A couple of weeks ago, we had a guest speaker for our course Journalism and Production Studies: he worked for the Dutch newspaper Algemeen Dagblad (AD). He showed us a visualisation of different social media communities and their communication on Twitter in the Netherlands and Belgium. Groups like right-wing populists, more elitist left-wing communities and YouTubers were separated from each other by different colours. A huge part of the online population and communication turned out to be right-wing and populist.
The guest speaker also showed us a graph that visualised the political focus of different Dutch news media. As it turned out, a large majority of these news sources were on the left side of the political spectrum. This can be considered problematic: right-wing populism plays a big role in the online world. In fact, a huge potential audience for news outlets is being ignored by journalists. This might be explained by the fact that most people who choose a career in journalism have a left-wing bias (I’d love to talk more about the reason for this bias, but I have to respect the word limit).
In this week’s literature, many views were expressed about the question how journalism can survive in the future. Burns and Matthews focus on the need of innovative organizational structure; Van Der Haak discusses options like “visual storytelling”, crowd funding and automated content; Naldi and Picard underline the need of organisational objectives based on previous experiences. However, nobody speaks of the specific option to bridge the cultural gap between the average journalist and a large potential audience. Maybe journalists should step out of their left-wing bubble and try to create content for people who are on the other side of the political spectrum. After all, I think theye’s missing out on a lot of money.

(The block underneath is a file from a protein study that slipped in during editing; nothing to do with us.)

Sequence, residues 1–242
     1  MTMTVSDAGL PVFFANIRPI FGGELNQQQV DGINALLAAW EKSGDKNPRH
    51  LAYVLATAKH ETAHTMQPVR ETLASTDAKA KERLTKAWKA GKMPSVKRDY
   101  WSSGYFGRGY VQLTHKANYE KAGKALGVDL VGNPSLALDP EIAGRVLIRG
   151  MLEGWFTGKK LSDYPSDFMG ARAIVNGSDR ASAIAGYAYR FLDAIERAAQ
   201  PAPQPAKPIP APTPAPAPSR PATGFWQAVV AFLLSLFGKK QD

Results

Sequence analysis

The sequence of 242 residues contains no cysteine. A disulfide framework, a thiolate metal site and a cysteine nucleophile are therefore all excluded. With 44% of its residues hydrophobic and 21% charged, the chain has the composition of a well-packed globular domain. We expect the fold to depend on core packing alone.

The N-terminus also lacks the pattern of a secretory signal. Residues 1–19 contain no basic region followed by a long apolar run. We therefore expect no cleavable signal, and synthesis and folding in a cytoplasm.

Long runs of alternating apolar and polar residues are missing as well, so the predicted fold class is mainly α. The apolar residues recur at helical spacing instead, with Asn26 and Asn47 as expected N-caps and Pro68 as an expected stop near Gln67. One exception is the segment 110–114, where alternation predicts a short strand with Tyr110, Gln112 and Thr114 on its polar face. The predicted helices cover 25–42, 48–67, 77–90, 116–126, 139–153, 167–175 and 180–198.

Burns, Lynette Sheridan, and Benjamin J. Matthews. ““Post-industrial” journalism as a creative industry.” World Academy of Science, Engineering and Technology, International Journal of Social, Behavioral, Educational, Economic, Business and Industrial Engineering 11.6 (2017): 1533-1541.
Naldi, Lucia, and Robert G. Picard. ““Let’s Start An Online News Site”: Opportunities, Resources, Strategy, and Formational Myopia in Startups.” Journal of Media Business Studies 9.4 (2012): 69-97.
Van der Haak, Bregtje, Michael Parks, and Manuel Castells. “The future of journalism: Networked journalism.” International Journal of Communication 6 (2012): 16.